This is mark Joseph “young” blog entry #465, on the subject of Believing in Ghosts.
In Matthew 14:26 we are told that the disciples, caught in a storm on the water, saw Jesus walking on the waves coming toward them and thought He was a ghost. (We find the same statement in Mark 6:49.) This raised a question: Did they believe in ghosts? Do we? Should we?
The question was raised by a long-time friend and reader who sometimes brings questions about the Bible and faith to me (notably, the question about The Abomination of Desolation). I had recently commented in an article elsewhere that many people do believe in ghosts, and not just those who, like the cowardly lion, are faced with frightening events they don’t understand. Our world even has professional ghost hunters who are fully persuaded that there is something real about these phenomena, and that they know what it is.
Of course, we have many who disbelieve, as well. C. S. Lewis commented (in Miracles: A Preliminary Study) that he knew someone who had actually seen a ghost, but that the witness did not believe in ghosts either before or after that sighting.
The Greek word in this passage is the one from which we get the word “phantasm”, and etymologically derives from a word for light to suggest something that appears, something that can be seen but has no substance. “Ghost” is a good translation for it. It is not used in any other passage in the New Testament, but it fits here quite well: if you were in a small fishing boat on an inland sea in a storm, and through the rain and the winds you thought you saw a person striding atop the waves, you would be fairly certain it could not be a physical body and so probably identify it as some kind of spirit entity. That, though, begs the question: did they believe this was what we normally identify as a “ghost”, that is, the spirit of a departed person? That matters to my questioner, because he was concerned about the Old Testament proscriptions against communicating with the dead. The fact that they recognized something as an apparation does not necessarily mean they believed it to be a ghost in that sense.
Also, what they believed might not be relevant. After all, in this case we know they were wrong–what they saw was not a ghost, but the living, breathing body of Jesus walking on the water. The fact that they may have believed ghosts to exist when faced with something they did not understand does not mean that ghosts actually do exist.
On the other hand, it is difficult to read I Samuel 28, where King Saul visits a woman in Endor said to have the ability to contact the dead, and so has her connect him with the spirit of the deceased prophet, and not conclude that the Bible appears to teach some kind of survival of the spirits of the dead in some form. That’s not quite the same thing as a spirit roaming the world or haunting its locale, but it is something we might call a ghost. A belief in ghosts is not opposed to our faith.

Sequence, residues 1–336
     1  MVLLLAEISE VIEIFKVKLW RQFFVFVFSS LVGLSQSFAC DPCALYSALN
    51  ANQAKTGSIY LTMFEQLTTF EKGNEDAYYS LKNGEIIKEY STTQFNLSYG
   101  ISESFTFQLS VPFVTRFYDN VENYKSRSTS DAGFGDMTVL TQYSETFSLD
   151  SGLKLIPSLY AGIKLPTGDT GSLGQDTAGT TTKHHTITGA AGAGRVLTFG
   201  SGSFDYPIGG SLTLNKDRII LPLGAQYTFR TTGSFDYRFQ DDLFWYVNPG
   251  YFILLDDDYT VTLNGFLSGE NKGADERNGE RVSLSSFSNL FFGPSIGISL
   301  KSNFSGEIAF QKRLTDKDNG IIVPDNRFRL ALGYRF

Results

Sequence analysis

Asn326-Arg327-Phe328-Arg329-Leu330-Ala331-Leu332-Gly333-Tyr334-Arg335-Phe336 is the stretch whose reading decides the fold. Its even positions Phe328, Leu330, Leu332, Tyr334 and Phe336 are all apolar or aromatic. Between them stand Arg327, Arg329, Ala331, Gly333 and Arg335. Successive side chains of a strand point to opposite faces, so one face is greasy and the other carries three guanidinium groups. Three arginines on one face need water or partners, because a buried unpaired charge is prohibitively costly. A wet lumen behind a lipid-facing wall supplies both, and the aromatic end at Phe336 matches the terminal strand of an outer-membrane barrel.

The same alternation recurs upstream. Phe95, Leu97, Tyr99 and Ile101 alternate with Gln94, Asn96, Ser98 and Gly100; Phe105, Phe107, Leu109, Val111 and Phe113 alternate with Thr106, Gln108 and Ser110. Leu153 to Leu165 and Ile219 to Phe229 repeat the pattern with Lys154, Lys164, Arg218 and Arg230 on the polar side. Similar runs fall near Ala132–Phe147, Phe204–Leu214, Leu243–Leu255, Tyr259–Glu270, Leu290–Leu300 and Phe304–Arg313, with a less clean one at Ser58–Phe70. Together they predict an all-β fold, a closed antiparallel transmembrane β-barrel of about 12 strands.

And those prohibitions don’t say we can’t believe ghosts are real; it says we shouldn’t have any contact with them. The prohibition against communicating with the dead would be rather foolish if it were not possible, and although it might be reduced to a command not to allow anyone to dupe you into believing you were speaking to the departed, that’s not the feeling we get from it. It is certainly within the realm of our faith that we could believe in ghosts and keep our distance from them.
Again, though, many of prohibitions in the Old Testament Law were targeting the religions of other nations, and this has the hallmarks of one of them. Ancestor worship was a common practice, and witches were people who sought to contact spirits other than God, which included demons and angels but also those of the departed, as part of religious practice. We don’t contact spirits other than God because there is no good reason to do so. As I have said in my book Why I Believe, there might be many spirits out there, but we are not well equipped to determine which ones might be benign and which might have motivations for compromising us in ways that make sense in a spirit realm beyond our understanding. It is better to stay clear of ghosts and apparitions and spirits, simply because we can’t know which ones can be trusted. It might seem nice enough, but then even among humans the ones who seem nice enough are frequently the con artists and sometimes the serial killers.
I don’t believe Christians either must or must not believe in the existence of ghosts, and in our grace-based lives it is not particularly relevant whether we have any contact with them. What the original disciples believed about ghosts is similarly not relevant to what we should believe about them. What matters is that our trust is in God, and not in spirits no matter who or what they claim to be. It is better to stay clear of any such spirit, not because it is dangerous but because we don’t know what it is or what its motivation might be, and if it tells us things we don’t already know, we can’t know when it lies.
I’m not sure whether this answers the question completely, but I hope it helps.
One thought on “465: Believing in Ghosts”
It is my belief that much of the ancient pagan gods started as ancestor worship.
This is to say that Odin is my actual ancestor (I have a lot of Swedish blood). However, there might be spirits that identify as Odin that glommed onto this situation of the early Nordic People worshipping their great-great-great grandfather.